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International Socialism, Summer 1966


Editorial 1

Euphoria and After


From International Socialism (1st series), No.25, Summer 1966, pp.1-2.
Thanks to Ted Crawford & the late Will Fancy.
Transcribed & marked up by Einde O’Callaghan for ETOL.


The significance of the March election result in terms of popular consciousness is still not clear, even though we do know that nearly a quarter of the electorate abstained and that Labour’s total vote and share of the vote (13 million and 43 per cent respectively) have still not reached the level achieved in the 1951 defeat. Some interpretations of the election results muddle events in Parliament, a tiny minority, with trends in the country as a whole, but still the actual basis of Labour’s landslide is very obscure – swings in commuter areas and the ‘classless’ image, suggest the middle class rallying to Labour, but interviews with Labour voters illustrate the persistent strength of working-class identification with Labour (cf. Flavius, Tribune, April 1960, and Taylor, The Notebook, elsewhere in this issue of IS). All told, it is safe only to say that the Westminster turnover gives a grossly exaggerated representation of whatever shifts of loyalty have occurred in the country as a whole.

However, optimism has flooded those sections of the Labour movement whose principle orientation or fixation is Parliament. The narrow 1964 majority compressed the Labour benches into a compliant, futile mass. Where the Left was not bought off with Ministerial office, it was thoroughly cowed. The residual Left found it too difficult to face public meetings where answers might be demanded to awkward questions – it has no answers, and therefore addressed no meetings.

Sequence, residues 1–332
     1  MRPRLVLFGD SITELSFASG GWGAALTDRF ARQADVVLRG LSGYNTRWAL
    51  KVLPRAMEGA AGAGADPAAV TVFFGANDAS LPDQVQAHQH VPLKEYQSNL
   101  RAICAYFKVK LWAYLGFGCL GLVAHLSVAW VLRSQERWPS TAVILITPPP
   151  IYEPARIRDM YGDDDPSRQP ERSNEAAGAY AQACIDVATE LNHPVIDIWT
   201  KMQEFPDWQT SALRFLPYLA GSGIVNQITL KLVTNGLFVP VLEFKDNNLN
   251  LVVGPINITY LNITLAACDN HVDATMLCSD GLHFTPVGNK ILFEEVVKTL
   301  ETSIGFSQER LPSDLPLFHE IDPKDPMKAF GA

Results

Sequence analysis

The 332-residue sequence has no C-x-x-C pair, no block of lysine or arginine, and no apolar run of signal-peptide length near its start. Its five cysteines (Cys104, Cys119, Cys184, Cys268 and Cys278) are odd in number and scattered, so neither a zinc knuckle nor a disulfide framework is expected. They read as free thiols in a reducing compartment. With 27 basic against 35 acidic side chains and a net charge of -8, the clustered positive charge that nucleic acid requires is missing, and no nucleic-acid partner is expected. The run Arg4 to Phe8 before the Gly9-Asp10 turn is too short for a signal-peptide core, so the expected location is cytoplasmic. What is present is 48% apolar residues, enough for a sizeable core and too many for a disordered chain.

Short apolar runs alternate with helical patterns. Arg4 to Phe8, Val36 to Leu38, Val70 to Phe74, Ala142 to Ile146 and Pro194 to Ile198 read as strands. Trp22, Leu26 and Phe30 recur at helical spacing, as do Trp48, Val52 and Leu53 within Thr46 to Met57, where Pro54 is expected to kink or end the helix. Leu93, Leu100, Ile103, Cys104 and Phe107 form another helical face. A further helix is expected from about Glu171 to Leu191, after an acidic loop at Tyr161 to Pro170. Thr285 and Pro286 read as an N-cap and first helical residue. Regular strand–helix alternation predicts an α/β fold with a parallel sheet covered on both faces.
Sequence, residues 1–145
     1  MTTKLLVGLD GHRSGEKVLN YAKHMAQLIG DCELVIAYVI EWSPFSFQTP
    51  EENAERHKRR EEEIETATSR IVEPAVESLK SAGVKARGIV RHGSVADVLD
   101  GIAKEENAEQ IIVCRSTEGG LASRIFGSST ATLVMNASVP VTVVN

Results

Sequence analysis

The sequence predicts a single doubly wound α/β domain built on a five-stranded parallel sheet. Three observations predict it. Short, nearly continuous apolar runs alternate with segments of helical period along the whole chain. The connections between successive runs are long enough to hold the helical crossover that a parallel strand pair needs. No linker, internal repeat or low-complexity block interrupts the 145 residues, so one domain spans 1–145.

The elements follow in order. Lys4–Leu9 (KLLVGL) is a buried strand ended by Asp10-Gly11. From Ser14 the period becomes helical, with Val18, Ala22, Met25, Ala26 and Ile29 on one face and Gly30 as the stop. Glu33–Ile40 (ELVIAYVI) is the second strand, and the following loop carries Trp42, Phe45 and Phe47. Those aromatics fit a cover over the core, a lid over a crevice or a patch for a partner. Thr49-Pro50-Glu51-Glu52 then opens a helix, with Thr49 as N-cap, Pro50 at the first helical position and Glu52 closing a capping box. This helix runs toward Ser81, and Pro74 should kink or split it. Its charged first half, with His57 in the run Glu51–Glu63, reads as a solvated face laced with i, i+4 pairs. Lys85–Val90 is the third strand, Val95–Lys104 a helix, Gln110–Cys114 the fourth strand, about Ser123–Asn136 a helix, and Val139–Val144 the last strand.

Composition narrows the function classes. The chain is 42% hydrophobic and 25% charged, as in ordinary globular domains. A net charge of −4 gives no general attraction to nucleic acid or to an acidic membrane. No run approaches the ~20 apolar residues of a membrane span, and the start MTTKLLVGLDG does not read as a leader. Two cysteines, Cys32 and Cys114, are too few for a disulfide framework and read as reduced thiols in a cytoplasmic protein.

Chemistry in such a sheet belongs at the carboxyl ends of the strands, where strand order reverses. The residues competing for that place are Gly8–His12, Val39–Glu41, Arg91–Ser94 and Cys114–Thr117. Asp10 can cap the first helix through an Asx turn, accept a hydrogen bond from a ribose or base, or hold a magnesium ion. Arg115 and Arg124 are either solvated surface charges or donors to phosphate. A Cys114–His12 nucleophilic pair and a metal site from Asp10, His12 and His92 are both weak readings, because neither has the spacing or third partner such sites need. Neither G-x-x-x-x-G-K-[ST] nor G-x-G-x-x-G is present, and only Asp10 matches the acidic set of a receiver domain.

Now, as the atmosphere of the Chamber has changed, so has the larger estimate of political prospects. Now is the time for developing constructive opportunities, for securing a stake in the Wilson consensus, or so it is said. Plans, programmes, blueprints and bright ideas on policy begin to be offered the Government; a Parliamentary ‘new left,’ heavily scoring its separation from the remnants of Bevanism, offers a ‘Bow Group of the Left’ (ironically, the Bow Group began as a ‘Fabian Society of the Right’). Hints on disagreements over policy in the Government have been permitted to leak out – ‘there are some close to Wilson – including Cousins, Balogh and Shore – who recommend a more stringently controlled economy, with restrictions on imports, more public ownership and State barter deals with foreign customers – in short, what they would call a “socialist solution.” Others – including Brown, Callaghan and Stewart – aim to get into the Common Market, in order to compel British firms to compete on equal terms with Continental rivals’ (Nora Beloff, Observer, 17 April 1966). Still, Wilson moves to appease possible discontent – incomes legislation is deferred, steel nationalisation advanced, and Budgetary deflation (diguised in a fiscal gimmick ‘to improve efficiency’) calculated to fall immediately only on a segment of the working class.